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Mol Cell Biol. 1999 Sep;19(9):6323-32.

Activating signal cointegrator 1, a novel transcription coactivator of nuclear receptors, and its cytosolic localization under conditions of serum deprivation.

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  • 1Center for Ligand and Transcription, Chonnam National University, Kwangju 500-757, Korea.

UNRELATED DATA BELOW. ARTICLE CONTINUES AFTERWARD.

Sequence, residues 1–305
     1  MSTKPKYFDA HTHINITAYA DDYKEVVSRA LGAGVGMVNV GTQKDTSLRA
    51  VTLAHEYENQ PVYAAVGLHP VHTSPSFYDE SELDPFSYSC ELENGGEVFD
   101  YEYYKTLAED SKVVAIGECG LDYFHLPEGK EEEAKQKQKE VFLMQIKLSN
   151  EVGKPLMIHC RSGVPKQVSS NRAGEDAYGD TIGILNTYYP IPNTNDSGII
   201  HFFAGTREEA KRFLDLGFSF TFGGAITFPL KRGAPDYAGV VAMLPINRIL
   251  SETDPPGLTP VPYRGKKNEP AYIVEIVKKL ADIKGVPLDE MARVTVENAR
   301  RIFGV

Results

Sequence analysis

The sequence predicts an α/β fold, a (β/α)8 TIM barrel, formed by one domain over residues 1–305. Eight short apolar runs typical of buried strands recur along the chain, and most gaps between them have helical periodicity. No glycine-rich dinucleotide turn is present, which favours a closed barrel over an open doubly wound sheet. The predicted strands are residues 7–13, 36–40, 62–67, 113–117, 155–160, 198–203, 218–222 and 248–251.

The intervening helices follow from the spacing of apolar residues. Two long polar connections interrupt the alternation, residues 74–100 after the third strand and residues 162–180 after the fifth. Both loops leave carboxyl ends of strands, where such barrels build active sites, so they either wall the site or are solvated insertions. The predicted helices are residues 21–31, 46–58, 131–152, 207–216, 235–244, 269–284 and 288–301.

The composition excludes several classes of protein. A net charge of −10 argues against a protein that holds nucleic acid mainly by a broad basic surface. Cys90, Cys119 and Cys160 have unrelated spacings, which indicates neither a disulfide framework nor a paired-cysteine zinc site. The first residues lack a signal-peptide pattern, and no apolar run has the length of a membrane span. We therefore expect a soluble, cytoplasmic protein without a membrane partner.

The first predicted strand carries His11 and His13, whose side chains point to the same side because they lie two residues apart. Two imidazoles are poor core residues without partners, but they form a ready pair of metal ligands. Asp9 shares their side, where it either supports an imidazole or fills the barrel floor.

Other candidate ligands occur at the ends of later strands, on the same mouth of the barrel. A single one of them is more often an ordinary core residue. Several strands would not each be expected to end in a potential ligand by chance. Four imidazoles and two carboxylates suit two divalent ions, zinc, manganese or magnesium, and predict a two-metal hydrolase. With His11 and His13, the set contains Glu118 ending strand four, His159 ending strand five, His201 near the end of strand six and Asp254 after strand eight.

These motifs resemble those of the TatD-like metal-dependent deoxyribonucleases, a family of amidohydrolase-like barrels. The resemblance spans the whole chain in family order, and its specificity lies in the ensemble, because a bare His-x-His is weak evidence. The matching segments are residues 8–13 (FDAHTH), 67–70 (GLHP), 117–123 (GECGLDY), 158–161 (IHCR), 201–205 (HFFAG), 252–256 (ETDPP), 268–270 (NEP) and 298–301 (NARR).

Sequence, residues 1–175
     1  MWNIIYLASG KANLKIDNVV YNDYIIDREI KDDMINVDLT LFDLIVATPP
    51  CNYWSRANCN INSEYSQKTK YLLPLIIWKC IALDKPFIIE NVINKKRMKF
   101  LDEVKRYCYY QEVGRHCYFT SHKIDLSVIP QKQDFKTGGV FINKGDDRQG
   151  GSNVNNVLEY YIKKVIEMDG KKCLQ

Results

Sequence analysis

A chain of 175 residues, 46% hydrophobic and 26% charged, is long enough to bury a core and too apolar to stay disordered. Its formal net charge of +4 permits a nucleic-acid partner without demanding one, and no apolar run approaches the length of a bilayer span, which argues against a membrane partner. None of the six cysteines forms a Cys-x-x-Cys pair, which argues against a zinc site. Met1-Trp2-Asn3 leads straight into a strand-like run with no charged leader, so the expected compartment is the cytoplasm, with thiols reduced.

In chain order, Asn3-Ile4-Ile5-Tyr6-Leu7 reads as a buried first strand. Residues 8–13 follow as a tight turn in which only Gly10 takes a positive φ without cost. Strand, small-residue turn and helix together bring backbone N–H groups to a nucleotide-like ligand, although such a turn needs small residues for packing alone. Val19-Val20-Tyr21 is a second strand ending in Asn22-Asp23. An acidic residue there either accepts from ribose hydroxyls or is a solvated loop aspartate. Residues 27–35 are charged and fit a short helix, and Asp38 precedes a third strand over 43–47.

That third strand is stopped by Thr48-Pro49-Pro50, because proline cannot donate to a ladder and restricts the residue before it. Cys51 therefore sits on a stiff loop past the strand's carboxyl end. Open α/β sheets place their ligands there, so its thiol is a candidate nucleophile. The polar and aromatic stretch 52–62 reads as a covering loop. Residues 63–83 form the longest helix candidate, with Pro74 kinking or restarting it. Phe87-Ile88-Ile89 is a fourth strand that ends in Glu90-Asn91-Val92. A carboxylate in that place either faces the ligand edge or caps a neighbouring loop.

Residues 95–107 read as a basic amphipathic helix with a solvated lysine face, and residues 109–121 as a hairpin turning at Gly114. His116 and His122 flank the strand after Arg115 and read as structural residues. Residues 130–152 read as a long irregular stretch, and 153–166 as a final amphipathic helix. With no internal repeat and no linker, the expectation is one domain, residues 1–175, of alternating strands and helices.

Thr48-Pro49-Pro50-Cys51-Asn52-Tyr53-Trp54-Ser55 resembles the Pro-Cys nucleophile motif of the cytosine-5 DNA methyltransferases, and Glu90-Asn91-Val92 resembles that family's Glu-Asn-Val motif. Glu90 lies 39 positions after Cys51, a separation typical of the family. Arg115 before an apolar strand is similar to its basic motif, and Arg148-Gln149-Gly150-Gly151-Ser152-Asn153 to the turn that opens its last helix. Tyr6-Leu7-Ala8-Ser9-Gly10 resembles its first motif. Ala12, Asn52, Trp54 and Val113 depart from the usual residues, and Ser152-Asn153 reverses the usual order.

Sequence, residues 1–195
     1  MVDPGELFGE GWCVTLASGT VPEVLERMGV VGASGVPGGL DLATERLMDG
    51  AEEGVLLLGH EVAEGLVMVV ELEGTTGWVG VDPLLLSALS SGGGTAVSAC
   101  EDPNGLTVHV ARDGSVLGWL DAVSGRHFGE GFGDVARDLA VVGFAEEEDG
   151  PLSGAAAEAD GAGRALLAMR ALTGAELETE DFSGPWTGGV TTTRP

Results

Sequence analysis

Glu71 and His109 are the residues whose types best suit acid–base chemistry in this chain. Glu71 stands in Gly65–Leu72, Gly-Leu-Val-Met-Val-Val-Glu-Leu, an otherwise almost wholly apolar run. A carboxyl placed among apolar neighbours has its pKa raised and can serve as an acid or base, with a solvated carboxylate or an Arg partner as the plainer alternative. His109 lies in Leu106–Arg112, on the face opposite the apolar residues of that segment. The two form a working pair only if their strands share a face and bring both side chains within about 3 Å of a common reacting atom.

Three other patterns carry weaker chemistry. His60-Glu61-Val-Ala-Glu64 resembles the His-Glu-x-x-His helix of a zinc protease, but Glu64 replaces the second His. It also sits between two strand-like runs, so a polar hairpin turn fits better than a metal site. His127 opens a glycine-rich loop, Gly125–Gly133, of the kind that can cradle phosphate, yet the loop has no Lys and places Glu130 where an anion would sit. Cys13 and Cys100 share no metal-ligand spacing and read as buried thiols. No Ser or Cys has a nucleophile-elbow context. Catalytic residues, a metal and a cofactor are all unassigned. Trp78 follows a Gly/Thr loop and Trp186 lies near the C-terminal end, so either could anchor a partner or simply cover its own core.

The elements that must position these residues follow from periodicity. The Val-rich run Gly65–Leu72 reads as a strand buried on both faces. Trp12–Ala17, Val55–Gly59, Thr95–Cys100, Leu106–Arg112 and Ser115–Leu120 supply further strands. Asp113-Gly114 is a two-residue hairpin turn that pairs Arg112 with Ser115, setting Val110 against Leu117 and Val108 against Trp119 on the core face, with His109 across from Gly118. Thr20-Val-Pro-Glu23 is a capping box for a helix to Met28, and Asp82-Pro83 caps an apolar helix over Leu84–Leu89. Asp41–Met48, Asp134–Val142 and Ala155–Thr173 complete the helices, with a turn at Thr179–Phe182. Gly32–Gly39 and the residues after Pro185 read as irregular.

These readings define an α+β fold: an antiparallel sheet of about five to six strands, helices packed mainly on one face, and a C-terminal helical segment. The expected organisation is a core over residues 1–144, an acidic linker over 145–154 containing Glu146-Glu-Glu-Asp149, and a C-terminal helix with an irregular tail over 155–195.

Activating signal cointegrator 1 (ASC-1) harbors an autonomous transactivation domain that contains a putative zinc finger motif which provides binding sites for basal transcription factors TBP and TFIIA, transcription integrators steroid receptor coactivator 1 (SRC-1) and CBP-p300, and nuclear receptors, as demonstrated by the glutathione S-transferase pull-down assays and the yeast two-hybrid tests. The ASC-1 binding sites involve the hinge domain but not the C-terminal AF2 core domain of nuclear receptors. Nonetheless, ASC-1 appears to require the AF2-dependent factors to function (i.e., CBP-p300 and SRC-1), as suggested by the ability of ASC-1 to coactivate nuclear receptors, either alone or in cooperation with SRC-1 and p300, as well as its inability to coactivate a mutant receptor lacking the AF2 core domain. By using indirect immunofluorescence, we further show that ASC-1, a nuclear protein, is localized to the cytoplasm under conditions of serum deprivation but is retained in the nucleus when it is serum starved in the presence of ligand or coexpressed CBP or SRC-1. These results suggest that ASC-1 is a novel coactivator molecule of nuclear receptors which functions in conjunction with CBP-p300 and SRC-1 and may play an important role in establishing distinct coactivator complexes under different cellular conditions.

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